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    then where does the prophecy of the coming deliverer or messiah come from? The whole point of jews not believing in jesus is because they are still waiting for the messiah.
     
  7. donnann

    donnann Active Member

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    One question. Who do jews think is the messiah? God, Michael ...just a regular man?
     
  8. LincolnSpector

    LincolnSpector Member

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    No. The whole point of our not believing in Jesus is that we're not Christians. It's that simple. Your statement is as ridiculous as saying "The whole point of Christians not believing in Buddha is that they can't hear the sound of one hand clapping."

    As far as the Messiah is concerned, it's not really a big deal to us. I don't recall ever hearing a 'drash (sermon) on the subject. I certainly never lost a wink of sleep worrying about it.
     
  9. wil

    wil UNeyeR1

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    In my understanding, a premise of both Judaism and Buddhism is that there are questions about the unknown, and there is being a better person and dealing with reality in this realm...and of the two...dealing with the here and now, and your fellow travelers is a more worthy pursuit than being frustrated about conjecture on the unknown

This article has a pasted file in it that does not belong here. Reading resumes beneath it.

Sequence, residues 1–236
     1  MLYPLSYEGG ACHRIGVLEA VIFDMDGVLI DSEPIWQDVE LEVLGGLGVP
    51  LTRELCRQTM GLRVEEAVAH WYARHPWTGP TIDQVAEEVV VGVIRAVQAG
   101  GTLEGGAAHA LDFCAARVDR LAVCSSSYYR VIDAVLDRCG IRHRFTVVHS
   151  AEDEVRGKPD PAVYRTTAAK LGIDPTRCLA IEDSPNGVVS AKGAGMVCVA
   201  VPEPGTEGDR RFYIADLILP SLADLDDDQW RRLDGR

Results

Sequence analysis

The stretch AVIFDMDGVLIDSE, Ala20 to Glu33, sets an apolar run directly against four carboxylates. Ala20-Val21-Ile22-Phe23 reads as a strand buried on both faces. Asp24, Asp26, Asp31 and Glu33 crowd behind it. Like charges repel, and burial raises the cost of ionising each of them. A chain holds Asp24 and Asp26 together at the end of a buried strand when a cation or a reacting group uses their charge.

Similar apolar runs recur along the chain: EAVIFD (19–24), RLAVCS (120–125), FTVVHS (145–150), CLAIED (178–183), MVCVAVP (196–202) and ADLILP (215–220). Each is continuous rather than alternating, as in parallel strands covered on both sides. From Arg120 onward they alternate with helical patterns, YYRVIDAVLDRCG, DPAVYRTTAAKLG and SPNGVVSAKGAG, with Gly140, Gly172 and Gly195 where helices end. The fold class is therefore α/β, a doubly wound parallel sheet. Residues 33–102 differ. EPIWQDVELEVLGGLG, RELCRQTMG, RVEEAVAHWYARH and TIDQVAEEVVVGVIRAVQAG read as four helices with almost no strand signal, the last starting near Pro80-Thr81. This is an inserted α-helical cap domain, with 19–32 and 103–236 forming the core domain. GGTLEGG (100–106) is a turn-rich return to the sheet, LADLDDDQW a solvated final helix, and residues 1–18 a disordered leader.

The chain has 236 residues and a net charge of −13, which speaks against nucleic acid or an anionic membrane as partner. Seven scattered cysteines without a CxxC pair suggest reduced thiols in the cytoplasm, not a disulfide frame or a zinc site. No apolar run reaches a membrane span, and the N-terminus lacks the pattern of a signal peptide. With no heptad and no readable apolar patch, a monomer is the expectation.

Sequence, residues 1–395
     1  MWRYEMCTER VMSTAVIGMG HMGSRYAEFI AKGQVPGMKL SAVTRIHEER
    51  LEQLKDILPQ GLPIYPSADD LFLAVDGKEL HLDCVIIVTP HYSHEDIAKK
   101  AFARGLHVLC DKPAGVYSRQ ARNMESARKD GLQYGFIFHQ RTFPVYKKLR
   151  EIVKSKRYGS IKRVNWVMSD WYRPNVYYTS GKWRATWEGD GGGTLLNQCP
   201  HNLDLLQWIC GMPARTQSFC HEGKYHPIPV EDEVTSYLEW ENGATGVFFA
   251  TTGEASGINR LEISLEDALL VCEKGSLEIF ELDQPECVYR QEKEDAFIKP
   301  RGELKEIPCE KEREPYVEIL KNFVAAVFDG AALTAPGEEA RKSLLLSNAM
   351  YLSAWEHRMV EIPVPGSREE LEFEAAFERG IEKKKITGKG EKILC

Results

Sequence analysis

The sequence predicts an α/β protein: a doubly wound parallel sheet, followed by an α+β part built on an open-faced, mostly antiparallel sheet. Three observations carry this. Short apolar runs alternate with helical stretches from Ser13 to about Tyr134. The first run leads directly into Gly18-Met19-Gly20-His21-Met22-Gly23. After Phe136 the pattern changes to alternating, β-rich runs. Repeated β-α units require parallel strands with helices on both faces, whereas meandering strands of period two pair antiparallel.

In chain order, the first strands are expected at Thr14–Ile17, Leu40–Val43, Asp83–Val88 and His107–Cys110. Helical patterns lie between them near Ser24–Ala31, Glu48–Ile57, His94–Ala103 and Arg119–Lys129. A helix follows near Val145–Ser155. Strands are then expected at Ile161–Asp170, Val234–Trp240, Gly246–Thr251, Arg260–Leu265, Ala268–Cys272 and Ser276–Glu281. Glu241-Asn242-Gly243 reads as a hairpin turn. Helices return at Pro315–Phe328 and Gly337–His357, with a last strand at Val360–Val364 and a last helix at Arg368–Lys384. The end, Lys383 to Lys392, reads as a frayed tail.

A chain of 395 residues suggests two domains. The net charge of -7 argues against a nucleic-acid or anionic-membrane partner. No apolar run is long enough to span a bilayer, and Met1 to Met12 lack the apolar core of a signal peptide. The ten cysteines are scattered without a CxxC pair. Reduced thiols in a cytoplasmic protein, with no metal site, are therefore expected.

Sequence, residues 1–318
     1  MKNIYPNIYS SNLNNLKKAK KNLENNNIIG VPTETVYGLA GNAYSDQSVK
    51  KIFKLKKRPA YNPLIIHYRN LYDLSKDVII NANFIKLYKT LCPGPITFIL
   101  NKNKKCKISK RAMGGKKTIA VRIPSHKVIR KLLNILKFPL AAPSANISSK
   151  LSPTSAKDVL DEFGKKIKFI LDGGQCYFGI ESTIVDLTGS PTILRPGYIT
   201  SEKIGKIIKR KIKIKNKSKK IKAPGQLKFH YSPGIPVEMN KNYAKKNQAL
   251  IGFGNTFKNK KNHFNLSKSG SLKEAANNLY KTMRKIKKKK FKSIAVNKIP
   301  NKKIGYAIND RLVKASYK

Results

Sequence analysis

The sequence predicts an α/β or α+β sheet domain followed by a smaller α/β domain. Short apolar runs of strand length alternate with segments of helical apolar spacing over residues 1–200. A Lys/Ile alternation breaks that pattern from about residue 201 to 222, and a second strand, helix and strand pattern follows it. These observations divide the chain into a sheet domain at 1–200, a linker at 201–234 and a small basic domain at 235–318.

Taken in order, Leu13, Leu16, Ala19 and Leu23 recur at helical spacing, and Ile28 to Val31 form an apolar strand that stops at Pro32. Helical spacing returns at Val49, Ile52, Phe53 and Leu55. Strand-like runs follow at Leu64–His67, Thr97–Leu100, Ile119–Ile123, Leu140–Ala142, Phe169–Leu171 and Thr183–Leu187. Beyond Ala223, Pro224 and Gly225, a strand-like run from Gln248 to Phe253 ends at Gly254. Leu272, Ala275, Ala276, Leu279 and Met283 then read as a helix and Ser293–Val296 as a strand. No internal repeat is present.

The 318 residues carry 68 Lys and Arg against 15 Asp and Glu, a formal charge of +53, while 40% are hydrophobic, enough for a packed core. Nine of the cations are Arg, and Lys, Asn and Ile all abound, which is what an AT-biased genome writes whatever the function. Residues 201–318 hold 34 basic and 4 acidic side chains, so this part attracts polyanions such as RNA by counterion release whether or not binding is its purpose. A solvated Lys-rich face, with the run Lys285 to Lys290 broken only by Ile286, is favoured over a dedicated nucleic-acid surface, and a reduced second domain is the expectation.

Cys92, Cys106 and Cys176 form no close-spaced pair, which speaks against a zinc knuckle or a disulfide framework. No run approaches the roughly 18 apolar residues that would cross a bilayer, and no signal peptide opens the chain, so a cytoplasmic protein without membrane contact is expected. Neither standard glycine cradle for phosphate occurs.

.
     
  10. LincolnSpector

    LincolnSpector Member

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    Very true--at least as far as I understand Buddhism, which isn't much.

    Another similarity: You can be an atheist and still be a Buddhist or a religious Jew.

    But here's the big difference--as I understand it. Buddhism encourages its followers to emotionally distance themselves from the physical world as a way to avoid suffering. Judaism encourages followers to emotionally embrace the physical world. Yes, that means you will inevitably suffer, but it also means that you'll find great joy.